With the NCAA tournament canceled because of the COVID-19 pandemic, Nicol hosted a session titled, “Who Would Have Won March Madness in 2020?”
Through the leadership of David Campbell, an associate professor of economics, Nicol found the model that worked best to determine the final outcome. With college basketball such a changing dynamic, Nicol used data from the last three seasons, looking at the statistics and teams which ended up winning the national championship.
Through his research, Nicol found Gonzaga, Kansas, Baylor and Duke as the top four teams with the Zags emerging as the likely champion.
“I planned on just picking a winner,” Nicol said. “Since the NCAA never released a bracket, I ranked the teams based on my results. The same four teams kept showing up every single time. Repeatedly, Gonzaga showed up as the team to win it all.”
Campbell pointed out that Nicol faced a challenge with the bracket never set. It didn’t account for the different matchup of styles, which can lead to upsets like No. 16-seed UMBC beating No. 1 Virginia in the 2018 tournament.
“One of his challenges is that head-to-head matters,” Campbell said. “Seth’s project was difficult in that he couldn’t point to who wins specific head-to-head outcomes. He had to take the field as a whole and did the best he could with what he had.”
HOW ’BOUT THE BUCS
Nicol was questioned how East Tennessee State ranked during his presentation. The Bucs looked to be a surprise team, appearing to be in prime position to make a Sweet 16 run.
“They placed inside the top 16 most of the time,” Nicol said. “Obviously, a matchup could change that, but they looked to be a Sweet 16 team consistently. You do get a bracket picked subjectively and ETSU could be a Sweet 16-caliber team, but end up with a 12 seed and have to play a really good team in the round of 32. It’s disappointing we didn’t get to see that play out.”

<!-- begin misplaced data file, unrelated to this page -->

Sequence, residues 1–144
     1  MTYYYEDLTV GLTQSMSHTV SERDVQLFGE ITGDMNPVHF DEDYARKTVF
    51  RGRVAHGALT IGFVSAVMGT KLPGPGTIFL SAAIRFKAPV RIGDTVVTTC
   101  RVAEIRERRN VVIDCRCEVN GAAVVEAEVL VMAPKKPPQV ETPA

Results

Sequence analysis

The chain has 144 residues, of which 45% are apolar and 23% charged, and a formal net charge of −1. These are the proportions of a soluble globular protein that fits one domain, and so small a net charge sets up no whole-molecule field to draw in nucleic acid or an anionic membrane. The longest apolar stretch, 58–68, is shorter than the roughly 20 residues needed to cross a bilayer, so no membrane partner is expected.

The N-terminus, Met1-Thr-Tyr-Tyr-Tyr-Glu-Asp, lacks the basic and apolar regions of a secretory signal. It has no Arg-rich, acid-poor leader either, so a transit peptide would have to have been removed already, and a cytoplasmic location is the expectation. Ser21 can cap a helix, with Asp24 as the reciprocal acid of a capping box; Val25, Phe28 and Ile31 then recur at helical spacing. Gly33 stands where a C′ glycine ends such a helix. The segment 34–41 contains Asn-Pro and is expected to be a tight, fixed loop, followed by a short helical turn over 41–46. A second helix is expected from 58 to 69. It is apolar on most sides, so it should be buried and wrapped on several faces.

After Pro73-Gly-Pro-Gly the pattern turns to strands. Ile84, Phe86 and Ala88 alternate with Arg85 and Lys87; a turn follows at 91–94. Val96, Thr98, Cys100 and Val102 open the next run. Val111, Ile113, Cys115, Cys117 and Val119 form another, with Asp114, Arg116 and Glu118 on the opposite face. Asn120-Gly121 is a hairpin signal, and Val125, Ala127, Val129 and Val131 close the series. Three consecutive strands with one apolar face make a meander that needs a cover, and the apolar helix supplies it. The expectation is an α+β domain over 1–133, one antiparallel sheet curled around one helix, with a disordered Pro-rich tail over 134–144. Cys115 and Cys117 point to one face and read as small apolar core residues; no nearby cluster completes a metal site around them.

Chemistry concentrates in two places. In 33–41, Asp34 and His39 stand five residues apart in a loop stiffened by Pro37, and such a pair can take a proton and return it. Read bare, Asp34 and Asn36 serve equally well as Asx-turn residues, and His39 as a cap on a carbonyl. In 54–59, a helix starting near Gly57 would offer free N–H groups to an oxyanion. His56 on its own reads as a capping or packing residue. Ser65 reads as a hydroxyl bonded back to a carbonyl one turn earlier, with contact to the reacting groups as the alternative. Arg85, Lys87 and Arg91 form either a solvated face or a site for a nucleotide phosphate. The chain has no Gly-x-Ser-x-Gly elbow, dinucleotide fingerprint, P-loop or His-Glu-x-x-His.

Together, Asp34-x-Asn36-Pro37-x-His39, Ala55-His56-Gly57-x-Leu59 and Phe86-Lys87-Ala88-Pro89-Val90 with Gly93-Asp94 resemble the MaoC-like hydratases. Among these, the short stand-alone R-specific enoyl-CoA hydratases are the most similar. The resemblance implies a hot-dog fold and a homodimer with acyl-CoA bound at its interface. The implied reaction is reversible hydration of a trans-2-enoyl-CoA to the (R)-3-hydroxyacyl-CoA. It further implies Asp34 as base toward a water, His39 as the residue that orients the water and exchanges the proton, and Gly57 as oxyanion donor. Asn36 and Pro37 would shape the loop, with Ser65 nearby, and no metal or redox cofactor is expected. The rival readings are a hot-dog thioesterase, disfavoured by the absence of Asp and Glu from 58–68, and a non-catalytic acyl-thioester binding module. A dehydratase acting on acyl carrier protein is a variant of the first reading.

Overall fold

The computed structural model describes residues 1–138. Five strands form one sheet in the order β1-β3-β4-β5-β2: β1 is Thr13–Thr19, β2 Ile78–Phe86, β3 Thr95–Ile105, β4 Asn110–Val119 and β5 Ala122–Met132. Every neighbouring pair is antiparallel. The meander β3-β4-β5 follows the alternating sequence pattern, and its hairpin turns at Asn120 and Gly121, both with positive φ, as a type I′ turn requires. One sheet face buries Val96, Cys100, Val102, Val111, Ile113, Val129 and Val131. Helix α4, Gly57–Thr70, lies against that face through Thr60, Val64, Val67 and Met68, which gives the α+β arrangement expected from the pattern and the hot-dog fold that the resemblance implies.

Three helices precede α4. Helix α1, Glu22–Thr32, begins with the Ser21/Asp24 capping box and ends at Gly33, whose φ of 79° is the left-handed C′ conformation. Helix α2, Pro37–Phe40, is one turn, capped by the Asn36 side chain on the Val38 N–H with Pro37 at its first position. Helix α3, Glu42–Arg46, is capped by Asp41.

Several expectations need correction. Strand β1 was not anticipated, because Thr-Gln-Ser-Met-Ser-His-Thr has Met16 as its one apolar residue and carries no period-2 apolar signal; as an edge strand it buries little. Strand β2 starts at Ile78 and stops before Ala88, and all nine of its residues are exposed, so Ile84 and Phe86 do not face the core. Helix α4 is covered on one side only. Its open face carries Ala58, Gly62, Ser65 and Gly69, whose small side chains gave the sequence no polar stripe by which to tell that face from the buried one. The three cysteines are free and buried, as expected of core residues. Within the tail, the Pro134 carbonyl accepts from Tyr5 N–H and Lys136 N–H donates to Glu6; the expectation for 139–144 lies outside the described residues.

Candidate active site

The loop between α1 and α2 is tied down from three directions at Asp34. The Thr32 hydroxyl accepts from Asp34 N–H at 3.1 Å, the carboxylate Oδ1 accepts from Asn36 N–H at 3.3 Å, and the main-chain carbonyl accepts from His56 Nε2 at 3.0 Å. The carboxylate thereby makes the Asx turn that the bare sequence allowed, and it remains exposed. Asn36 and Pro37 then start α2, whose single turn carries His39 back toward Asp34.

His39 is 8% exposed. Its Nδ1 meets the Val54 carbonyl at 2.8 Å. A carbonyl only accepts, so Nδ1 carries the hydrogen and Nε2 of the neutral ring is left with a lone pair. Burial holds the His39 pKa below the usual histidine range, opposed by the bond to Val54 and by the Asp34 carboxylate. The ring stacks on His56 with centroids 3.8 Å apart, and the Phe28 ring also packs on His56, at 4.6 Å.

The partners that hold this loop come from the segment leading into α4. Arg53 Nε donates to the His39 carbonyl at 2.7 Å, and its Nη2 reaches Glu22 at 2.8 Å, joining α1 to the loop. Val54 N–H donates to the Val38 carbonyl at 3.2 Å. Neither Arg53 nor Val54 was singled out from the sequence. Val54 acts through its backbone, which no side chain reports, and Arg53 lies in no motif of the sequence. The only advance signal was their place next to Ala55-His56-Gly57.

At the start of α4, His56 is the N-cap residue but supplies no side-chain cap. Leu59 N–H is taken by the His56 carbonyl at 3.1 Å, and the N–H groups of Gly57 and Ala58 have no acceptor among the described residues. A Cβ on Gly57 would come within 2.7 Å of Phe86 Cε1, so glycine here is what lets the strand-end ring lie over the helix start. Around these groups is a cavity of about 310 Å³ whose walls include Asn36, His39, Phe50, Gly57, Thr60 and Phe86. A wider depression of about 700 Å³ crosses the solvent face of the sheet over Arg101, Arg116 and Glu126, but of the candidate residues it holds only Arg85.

PICKING A FAVORITE
Nicol used raw per game statistics with the major emphasis on points per game, points per game allowed, turnovers versus assists, personal fouls and field-goal percentage.
Gonzaga benefitted from playing in the West Coast Conference instead of one of the Power 6 leagues. They put up “magnificent raw statistics” according to Nicol. Still, the Bulldogs are a proven commodity, playing in the 2017 national championship game against North Carolina.
CAVS, CATS AND HEELS
Since there is such a changing dynamic with college basketball, Nicol looked at only national championship teams from the last three seasons as part of his research. It worked well since the three teams had such different styles of play.
Defending champion Virginia emphasized lock-down defense, while 2018 champion Villanova featured a high-powered offense. North Carolina, which defeated Gonzaga 71-65 in the 2017 title game, had a combination of both.
“I ran a regression built off the 2019 tournament,” Nicol said. “I built a model on the last three teams which ultimately got the win. The reason I only went three years back is because the people who were seniors in 2020 were freshman then. I didn’t want to go further back because the game is constantly changing.”
Teams from the Big Ten and Southeastern Conferences fared poorly using Nicol’s rankings. He noted the Big Ten hasn’t had a national champion since Michigan State in 2000, although current league member Maryland won the 2002 title as a member of the ACC.
“Point differential showed the most on teams that shot up to the top in my model,” Nicol said. “That’s why a notable missing conference was the Big Ten. I know that’s a conference that normally has Sweet 16 teams in the tournament, although they’ve not had a winner in a long time. The Big Ten is so deep they play a lot of close games, so you could argue the model didn’t give them a fair chance.”
Kentucky was the only SEC team projected to go deep into the tournament. Nicol was a little surprised that Auburn placed in the middle of the pack since the Tigers were 25-6 entering the SEC tournament.
Alabama, whose SEC tournament game with Tennessee was canceled an hour before tip-off, was projected to be among the final at-large teams, along with Richmond, to make the tournament.
Nicole said the model shouldn’t be taken as fact.
“The thing I learned in building this model is there is no way to truly predict a winner,” Nicol said. “If we could use the econometrics to predict a winner, we would have done it by now and have a perfect bracket by now. Obviously, we don’t.”